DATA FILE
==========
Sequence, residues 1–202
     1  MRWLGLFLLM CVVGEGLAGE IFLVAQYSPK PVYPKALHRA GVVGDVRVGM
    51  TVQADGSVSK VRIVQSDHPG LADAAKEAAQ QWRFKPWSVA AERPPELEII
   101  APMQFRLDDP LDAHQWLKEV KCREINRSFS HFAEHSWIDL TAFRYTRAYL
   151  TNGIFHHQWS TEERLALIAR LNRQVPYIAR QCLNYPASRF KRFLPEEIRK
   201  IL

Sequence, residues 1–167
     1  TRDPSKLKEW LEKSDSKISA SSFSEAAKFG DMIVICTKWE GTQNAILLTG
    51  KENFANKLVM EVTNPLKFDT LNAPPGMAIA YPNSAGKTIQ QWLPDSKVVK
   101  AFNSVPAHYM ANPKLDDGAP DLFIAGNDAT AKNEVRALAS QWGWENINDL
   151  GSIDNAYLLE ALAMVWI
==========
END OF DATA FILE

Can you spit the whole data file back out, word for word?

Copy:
Sequence, residues 1–202
     1  MRWLGLFLLM CVVGEGLAGE IFLVAQYSPK PVYPKALHRA GVVGDVRVGM
    51  TVQADGSVSK VRIVQSDHPG LADAAKEAAQ QWRFKPWSVA AERPPELEII
   101  APMQFRLDDP LDAHQWLKEV KCREINRSFS HFAEHSWIDL TAFRYTRAYL
   151  TNGIFHHQWS TEERLALIAR LNRQVPYIAR QCLNYPASRF KRFLPEEIRK
   201  IL

Sequence, residues 1–167
     1  TRDPSKLKEW LEKSDSKISA SSFSEAAKFG DMIVICTKWE GTQNAILLTG
    51  KENFANKLVM EVTNPLKFDT LNAPPGMAIA YPNSAGKTIQ QWLPDSKVVK
   101  AFNSVPAHYM ANPKLDDGAP DLFIAGNDAT AKNEVRALAS QWGWENINDL
   151  GSIDNAYLLE ALAMVWI